It was established in the last chapter that animals are sentient (aware of pleasure and pain). Because animals are sentient, we should not cause them intentional and unnecessary pain and suffering. For example, consider if someone was to kick a cat or beat a dog. The act would, without a doubt, be considered an act of “animal cruelty” because we know it to be morally wrong; kicking a dog or a cat causes unnecessary suffering for the animal.
But what about other animals? What is our moral obligation to them? This chapter discusses animal rights and animal welfare, two different approaches to our moral obligation (assuming that there is one, and I do) to animals. This blog post will be my reaction to my chapter.
I believe in animal rights, which according to Bekoff means that I believe it is “wrong to cause animals any pain and suffering.” But I didn’t always used to be a rightist. Before I went vegan, I used to be simply a welfarist, or someone who Bekoff describes, “may insist that we should not cause [animals] excessive or unnecessary pain, and argue that if we consider animal welfare or well-being, then that is all we need to do.” For example, as a welfarist I bought “humane” animal products. Now, as an animal rights supporter, I understand that there is nothing humane about raising and killing animals for food, and I believe that doing so is morally wrong because no animal wants to be killed to become our “food.”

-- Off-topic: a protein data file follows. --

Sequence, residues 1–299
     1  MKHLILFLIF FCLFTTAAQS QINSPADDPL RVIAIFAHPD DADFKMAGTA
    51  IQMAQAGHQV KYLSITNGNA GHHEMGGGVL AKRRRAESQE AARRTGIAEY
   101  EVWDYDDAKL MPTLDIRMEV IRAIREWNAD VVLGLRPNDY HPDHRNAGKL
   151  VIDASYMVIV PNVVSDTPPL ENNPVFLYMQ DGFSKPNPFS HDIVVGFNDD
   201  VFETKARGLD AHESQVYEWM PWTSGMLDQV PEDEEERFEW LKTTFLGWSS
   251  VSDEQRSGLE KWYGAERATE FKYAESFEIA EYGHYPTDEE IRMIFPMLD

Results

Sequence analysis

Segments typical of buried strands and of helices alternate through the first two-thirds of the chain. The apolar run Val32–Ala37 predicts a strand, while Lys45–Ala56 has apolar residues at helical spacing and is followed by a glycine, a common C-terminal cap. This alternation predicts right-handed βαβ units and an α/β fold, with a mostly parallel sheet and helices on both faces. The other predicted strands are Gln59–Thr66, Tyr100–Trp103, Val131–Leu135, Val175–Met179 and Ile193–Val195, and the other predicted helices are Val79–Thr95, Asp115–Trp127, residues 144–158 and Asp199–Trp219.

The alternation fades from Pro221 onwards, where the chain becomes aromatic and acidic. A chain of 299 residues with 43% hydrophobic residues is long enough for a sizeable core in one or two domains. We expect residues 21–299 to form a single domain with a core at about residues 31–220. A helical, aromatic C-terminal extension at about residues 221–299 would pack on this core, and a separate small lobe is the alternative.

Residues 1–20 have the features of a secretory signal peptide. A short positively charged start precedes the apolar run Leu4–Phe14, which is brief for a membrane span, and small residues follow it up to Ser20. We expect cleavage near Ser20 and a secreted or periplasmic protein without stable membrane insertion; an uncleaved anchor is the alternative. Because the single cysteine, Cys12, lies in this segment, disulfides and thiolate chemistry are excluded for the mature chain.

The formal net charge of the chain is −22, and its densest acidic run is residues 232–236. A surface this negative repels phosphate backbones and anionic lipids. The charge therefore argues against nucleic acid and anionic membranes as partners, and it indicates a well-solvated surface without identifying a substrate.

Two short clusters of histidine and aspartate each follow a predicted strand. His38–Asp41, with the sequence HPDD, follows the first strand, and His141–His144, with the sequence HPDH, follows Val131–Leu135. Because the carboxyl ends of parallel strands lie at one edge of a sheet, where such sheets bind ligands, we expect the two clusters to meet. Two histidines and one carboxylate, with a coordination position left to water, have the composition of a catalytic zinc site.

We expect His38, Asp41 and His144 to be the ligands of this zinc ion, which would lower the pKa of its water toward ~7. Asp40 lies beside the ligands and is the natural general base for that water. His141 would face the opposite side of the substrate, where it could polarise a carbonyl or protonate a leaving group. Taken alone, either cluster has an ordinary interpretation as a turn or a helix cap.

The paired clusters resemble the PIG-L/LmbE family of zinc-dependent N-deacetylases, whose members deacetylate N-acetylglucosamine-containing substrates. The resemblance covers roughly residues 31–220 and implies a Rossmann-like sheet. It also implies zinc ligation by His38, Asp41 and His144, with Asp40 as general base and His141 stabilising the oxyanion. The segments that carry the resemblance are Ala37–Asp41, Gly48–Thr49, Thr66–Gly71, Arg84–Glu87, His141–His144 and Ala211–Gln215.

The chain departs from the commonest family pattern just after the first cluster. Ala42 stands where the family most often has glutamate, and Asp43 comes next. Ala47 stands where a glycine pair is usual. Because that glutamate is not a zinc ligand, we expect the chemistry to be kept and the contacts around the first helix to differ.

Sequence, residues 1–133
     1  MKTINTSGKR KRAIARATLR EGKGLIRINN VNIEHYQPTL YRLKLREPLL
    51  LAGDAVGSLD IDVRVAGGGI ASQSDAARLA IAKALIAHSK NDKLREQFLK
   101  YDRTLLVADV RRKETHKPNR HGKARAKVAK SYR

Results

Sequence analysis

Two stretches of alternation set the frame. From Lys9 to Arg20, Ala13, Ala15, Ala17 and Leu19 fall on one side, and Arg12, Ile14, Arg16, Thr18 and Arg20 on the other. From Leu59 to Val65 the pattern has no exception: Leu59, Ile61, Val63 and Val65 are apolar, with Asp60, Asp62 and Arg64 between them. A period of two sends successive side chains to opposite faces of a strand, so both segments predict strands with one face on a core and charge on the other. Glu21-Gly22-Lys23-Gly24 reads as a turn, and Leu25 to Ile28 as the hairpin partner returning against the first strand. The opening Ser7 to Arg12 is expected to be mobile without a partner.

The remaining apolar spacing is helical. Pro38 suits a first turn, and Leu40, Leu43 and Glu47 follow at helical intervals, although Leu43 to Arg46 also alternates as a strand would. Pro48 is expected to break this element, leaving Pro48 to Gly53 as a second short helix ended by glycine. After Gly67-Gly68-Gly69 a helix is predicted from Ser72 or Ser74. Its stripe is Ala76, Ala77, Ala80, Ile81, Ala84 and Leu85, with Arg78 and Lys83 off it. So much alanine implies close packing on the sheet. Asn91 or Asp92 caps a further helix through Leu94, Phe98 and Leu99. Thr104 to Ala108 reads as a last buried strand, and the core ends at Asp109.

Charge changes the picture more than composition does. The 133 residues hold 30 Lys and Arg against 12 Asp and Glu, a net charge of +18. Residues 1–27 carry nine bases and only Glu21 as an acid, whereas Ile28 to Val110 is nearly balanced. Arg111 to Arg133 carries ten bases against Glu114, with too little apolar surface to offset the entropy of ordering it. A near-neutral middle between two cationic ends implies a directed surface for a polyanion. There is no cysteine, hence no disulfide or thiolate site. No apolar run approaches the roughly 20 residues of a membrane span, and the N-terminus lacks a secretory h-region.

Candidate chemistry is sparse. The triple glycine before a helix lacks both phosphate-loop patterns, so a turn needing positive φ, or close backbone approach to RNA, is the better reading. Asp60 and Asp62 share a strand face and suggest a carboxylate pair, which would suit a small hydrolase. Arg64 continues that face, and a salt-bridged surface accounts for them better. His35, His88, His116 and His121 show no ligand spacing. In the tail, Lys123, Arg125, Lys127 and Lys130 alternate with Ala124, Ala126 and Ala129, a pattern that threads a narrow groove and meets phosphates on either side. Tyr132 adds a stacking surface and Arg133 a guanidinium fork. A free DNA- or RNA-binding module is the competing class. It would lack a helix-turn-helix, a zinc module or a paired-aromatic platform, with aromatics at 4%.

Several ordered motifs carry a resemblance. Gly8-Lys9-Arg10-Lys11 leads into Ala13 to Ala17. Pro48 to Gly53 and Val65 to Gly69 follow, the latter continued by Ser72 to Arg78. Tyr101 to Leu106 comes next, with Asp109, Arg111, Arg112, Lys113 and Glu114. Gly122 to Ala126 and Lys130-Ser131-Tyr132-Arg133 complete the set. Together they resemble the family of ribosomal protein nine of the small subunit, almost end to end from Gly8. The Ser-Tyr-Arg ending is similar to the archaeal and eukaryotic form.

Let’s apply this chapter to a real-life problem. Consider this iconic image of Tommy, a chimp who is currently being held captive in a shed.
If you’re a welfarist, you might say that it’s okay to keep him captive, as long as he has enough space and food. But if you support animal rights, you’d probably want Tommy out of that cage and into a sanctuary, and you hopefully would agree with the Nonhuman Rights Project that Tommy has a right to bodily liberty!
So where do you stand? Do you believe that “animals’ lives are valuable in and of themselves,” that animals are not property or “things” (which is actually their current legal status), and that animals should not “abused or dominated at will”? (If you believe those things, please go vegan if you have not already!)
While I do not consider myself a welfarist anymore, I recognize the good that can come from welfare organizations. I appreciate that Bekoff highlights how an organization such as the Humane Society of the United States has successfully campaigned for numerous animal protections. I agree with him that there is some common ground between the welfarists and the rightists, and that there is work to be done together. For example, I support “welfarist” legislation such as the banning of gestation crates, veal crates, etc. What about you?
If you’re interested in learning more about animal rights, please check out the following links for further reading!
- Why Animal Rights? via PETA
- Animal Rights: a debate between Peter Singer and Richard Prosner
- Are you a legal person or a thing? via the Nonhuman Rights Project
Categories: Reading Series